The Court also found that the government had a significant interest in "the protection of residential privacy." Citing cases such as Rowan v. United States Post Office Department, FCC v. Pacifica Foundation, and Kovacs v. Cooper, the Court found that "a special benefit of the privacy all citizens enjoy within their own walls, which the State may legislate to protect, is an ability to avoid intrusions."[1] The Court distinguished its prior decisions invalidating "complete bans on expressive activity" in residential areas, such as Schneider v. New Jersey and Martin v. City of Struthers, stating that in these cases, "we have been careful to acknowledge that unwilling listeners may be protected when within their own homes."[1] The Court also found that the ordinance was narrowly tailored at the specific problem it intended to address: situations in which "[t]he resident is figuratively, and perhaps literally, trapped within the home, and, because of the unique and subtle impact of such picketing, is left with no ready means of avoiding the unwanted speech."[1]

Concurring opinion[edit]

Justice White wrote an opinion concurring in the judgment. White wrote that in his view, an ordinance banning picketing of a single residence "would not be unconstitutional on its face [and therefore, free of conflict with the First Amendment.]"[3] Acknowledging the loosely worded ordinance, White opposed the potential condition of the legislation, which, if interpreted as such, would place a limitation on picketing in front of any residence where passers-by or anyone else would receive a message from a protest. He agreed with the notion that the law should be interpreted to ban single-residence picketing, to maintain Constitutionality and conform with the standards set in the right of assembly and the right to protest, outlined in the First Amendment.

Dissenting opinion of Brennan and Marshall[edit]

Justice William J. Brennan, Jr., joined by Justice Thurgood Marshall, agreed with most of the Court's analysis, but dissent because they believed the ordinance was not narrowly tailored—i.e., it banned "significantly more speech than is necessary to achieve the government's substantial and legitimate goal."[4] Brennan argued that the ordinance failed the test of City Council of Los Angeles v. Taxpayers for Vincent because "the intrusive and unduly coercive elements of residential picketing can be eliminated without simultaneously eliminating residential picketing."[4] As an example, Brennan wrote that the government's ability to constitutionally impose "time, place, and manner" restrictions, such as limits on the number of residential picketers, "the hours during which a residential picket may take place, or the noise level of such a picket" meant that a total prohibition on residential picketing was not narrowly tailored.[4]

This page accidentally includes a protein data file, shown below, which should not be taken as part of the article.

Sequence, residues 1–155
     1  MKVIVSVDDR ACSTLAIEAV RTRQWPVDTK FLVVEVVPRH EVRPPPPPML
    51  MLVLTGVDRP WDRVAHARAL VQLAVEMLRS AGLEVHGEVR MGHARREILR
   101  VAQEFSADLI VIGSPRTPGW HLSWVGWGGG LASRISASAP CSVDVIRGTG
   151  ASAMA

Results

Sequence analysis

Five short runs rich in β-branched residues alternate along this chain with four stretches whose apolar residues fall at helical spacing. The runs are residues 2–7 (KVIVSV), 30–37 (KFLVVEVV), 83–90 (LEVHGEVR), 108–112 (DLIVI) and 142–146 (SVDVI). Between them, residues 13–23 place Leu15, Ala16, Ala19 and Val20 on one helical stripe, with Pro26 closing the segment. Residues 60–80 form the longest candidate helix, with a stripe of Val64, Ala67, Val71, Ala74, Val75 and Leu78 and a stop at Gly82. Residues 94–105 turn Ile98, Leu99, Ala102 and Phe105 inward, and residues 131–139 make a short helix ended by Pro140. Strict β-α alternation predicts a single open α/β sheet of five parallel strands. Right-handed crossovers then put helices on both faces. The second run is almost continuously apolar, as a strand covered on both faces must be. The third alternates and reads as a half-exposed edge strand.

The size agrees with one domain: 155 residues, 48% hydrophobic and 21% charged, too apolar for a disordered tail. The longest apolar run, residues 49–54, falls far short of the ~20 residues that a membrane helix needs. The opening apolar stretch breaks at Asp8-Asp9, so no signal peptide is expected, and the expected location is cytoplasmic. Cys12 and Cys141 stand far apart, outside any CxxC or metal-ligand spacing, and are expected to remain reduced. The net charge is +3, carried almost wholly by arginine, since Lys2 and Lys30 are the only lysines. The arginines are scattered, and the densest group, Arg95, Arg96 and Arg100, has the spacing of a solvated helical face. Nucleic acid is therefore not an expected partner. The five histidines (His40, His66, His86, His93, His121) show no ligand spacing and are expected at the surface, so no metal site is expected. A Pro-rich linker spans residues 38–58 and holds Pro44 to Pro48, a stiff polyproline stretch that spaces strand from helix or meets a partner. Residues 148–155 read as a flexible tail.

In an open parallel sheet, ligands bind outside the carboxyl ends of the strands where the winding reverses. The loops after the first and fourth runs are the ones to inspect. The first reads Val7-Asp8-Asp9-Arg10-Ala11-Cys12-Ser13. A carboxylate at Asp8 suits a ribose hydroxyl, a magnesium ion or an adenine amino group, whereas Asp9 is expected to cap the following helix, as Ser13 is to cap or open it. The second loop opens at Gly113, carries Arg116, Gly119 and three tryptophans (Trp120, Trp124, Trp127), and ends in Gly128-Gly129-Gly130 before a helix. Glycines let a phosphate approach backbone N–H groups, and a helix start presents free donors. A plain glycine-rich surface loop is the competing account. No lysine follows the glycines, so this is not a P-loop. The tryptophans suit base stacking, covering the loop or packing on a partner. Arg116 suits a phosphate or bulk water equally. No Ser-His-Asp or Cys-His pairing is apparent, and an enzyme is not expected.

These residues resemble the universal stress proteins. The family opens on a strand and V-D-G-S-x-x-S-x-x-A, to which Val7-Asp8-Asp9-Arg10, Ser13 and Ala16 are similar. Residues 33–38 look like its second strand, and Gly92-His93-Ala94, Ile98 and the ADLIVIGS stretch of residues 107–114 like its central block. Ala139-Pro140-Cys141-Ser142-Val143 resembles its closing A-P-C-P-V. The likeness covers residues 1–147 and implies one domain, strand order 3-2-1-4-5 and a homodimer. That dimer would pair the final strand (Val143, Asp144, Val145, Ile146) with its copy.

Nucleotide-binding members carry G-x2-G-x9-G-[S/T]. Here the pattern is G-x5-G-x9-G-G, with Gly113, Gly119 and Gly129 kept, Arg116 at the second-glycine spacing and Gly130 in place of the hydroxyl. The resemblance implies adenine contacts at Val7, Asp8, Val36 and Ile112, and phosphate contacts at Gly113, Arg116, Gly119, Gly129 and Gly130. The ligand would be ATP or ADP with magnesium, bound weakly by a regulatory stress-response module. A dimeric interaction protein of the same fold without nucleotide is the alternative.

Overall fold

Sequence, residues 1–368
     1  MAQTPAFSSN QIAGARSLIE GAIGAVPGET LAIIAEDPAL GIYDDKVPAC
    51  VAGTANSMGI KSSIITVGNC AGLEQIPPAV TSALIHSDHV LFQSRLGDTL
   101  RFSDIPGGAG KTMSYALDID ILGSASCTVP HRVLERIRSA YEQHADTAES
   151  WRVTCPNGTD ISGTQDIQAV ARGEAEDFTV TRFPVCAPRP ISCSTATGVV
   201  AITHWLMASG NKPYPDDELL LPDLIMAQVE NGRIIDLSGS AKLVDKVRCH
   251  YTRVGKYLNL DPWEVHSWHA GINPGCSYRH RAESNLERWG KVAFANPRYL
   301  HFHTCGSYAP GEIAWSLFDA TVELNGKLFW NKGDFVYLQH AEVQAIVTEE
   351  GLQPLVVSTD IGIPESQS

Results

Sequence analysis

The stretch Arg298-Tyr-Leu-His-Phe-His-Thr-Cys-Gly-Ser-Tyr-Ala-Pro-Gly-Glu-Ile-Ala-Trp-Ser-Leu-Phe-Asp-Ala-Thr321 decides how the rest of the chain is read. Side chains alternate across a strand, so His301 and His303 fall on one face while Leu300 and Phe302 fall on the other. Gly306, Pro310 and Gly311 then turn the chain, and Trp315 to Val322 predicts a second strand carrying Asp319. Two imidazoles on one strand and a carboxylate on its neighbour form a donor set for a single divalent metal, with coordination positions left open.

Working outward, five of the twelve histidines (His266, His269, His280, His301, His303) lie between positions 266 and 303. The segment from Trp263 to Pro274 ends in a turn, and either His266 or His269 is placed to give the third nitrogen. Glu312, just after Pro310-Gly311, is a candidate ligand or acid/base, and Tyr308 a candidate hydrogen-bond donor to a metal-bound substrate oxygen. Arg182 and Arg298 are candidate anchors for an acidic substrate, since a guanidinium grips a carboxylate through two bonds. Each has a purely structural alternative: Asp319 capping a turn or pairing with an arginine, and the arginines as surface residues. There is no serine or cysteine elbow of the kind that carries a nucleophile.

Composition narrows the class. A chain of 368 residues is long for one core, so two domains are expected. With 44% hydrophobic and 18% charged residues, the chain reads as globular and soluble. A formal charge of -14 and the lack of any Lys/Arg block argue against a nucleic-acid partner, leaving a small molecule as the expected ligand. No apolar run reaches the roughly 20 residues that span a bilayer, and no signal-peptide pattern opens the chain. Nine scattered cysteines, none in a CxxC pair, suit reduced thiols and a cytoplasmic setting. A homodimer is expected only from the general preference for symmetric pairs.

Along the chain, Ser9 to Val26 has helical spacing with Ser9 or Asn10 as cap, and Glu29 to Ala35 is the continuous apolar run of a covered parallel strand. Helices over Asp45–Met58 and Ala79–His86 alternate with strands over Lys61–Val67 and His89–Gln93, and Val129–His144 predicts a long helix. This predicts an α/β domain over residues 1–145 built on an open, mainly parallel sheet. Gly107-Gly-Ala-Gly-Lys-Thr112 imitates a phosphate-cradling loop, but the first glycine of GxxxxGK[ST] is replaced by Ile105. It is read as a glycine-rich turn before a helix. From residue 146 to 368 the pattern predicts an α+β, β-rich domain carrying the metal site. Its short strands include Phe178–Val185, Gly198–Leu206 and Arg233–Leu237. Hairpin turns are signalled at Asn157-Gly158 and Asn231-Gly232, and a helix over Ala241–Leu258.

Dissenting opinion of Stevens[edit]

Justice John Paul Stevens wrote a separate dissent. Stevens wrote that:

I do not believe that picketing for the sole purpose of imposing psychological harm on a family in the shelter of their home is constitutionally protected. I do believe, however, that the picketers have a right to communicate their strong opposition to abortion to the doctor, but after they have had a fair opportunity to communicate that message, I see little justification for allowing them to remain in front of his home and repeat it over and over again simply to harm the doctor and his family. Thus, I agree that the ordinance may be constitutionally applied to the kind of picketing that gave rise to its enactment.[5]

Nevertheless, Stevens would have invalidated the ordinance as facially overbroad, finding "that it prohibits some communication that is protected by the First Amendment.[5] Stevens wrote that the ordinance could prohibit a fifth grader from carrying a sign saying "GET WELL CHARLIE — OUR TEAM NEEDS YOU" outside the home of a sick friend.[5]

Stevens acknowledged that "the town will probably not enforce its ban against friendly, innocuous, or even brief unfriendly picketing, and that the Court may be right in concluding that its legitimate sweep makes its overbreadth insubstantial," but dissented because (1) "The scope of the ordinance gives the town officials far too much discretion in making enforcement decisions" and (2) "it is a simple matter for the town to amend its ordinance and to limit the ban to conduct that unreasonably interferes with the privacy of the home and does not serve a reasonable communicative purpose."[5]

See also[edit]


  1. ^ a b c d e f g h i j k l m n o p q r Frisby v. Schultz, 487 U.S. 474 (1988).
  2. ^ Carey v. Brown, 447 U.S. 455 (1980).
  3. ^ Frisby, 487 U.S. at 488-89 (White, J., concurring).
  4. ^ a b c Frisby, 487 U.S. at 492 (Brennan, J., dissenting).
  5. ^ a b c d Frisby, 487 U.S. at 496 (Stevens, J., dissenting).